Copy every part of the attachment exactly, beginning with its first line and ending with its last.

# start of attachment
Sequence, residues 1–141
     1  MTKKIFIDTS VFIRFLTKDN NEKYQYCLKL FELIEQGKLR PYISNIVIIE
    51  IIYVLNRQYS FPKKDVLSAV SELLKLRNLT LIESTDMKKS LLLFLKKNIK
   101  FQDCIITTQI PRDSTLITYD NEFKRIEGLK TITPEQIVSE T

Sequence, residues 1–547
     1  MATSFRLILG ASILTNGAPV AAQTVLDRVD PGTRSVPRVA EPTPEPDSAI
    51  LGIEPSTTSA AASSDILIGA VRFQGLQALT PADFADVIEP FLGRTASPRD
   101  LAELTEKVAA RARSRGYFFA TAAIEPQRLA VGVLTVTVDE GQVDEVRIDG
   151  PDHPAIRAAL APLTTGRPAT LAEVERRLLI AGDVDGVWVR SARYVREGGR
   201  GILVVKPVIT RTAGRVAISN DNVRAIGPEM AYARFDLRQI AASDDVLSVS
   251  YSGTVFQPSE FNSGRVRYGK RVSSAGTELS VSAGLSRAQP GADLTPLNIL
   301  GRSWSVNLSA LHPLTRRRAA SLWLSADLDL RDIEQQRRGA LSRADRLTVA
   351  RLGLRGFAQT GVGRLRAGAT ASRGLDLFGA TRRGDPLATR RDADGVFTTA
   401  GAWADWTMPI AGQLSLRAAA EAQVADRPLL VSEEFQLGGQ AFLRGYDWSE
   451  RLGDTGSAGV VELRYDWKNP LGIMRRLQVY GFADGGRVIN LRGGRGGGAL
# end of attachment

Sequence, residues 1–141
     1  MTKKIFIDTS VFIRFLTKDN NEKYQYCLKL FELIEQGKLR PYISNIVIIE
    51  IIYVLNRQYS FPKKDVLSAV SELLKLRNLT LIESTDMKKS LLLFLKKNIK
   101  FQDCIITTQI PRDSTLITYD NEFKRIEGLK TITPEQIVSE T

Sequence, residues 1–547
     1  MATSFRLILG ASILTNGAPV AAQTVLDRVD PGTRSVPRVA EPTPEPDSAI
    51  LGIEPSTTSA AASSDILIGA VRFQGLQALT PADFADVIEP FLGRTASPRD
   101  LAELTEKVAA RARSRGYFFA TAAIEPQRLA VGVLTVTVDE GQVDEVRIDG
   151  PDHPAIRAAL APLTTGRPAT LAEVERRLLI AGDVDGVWVR SARYVREGGR
   201  GILVVKPVIT RTAGRVAISN DNVRAIGPEM AYARFDLRQI AASDDVLSVS
   251  YSGTVFQPSE FNSGRVRYGK RVSSAGTELS VSAGLSRAQP GADLTPLNIL
   301  GRSWSVNLSA LHPLTRRRAA SLWLSADLDL RDIEQQRRGA LSRADRLTVA
   351  RLGLRGFAQT GVGRLRAGAT ASRGLDLFGA TRRGDPLATR RDADGVFTTA
   401  GAWADWTMPI AGQLSLRAAA EAQVADRPLL VSEEFQLGGQ AFLRGYDWSE
   451  RLGDTGSAGV VELRYDWKNP LGIMRRLQVY GFADGGRVIN LRGGRGGGAL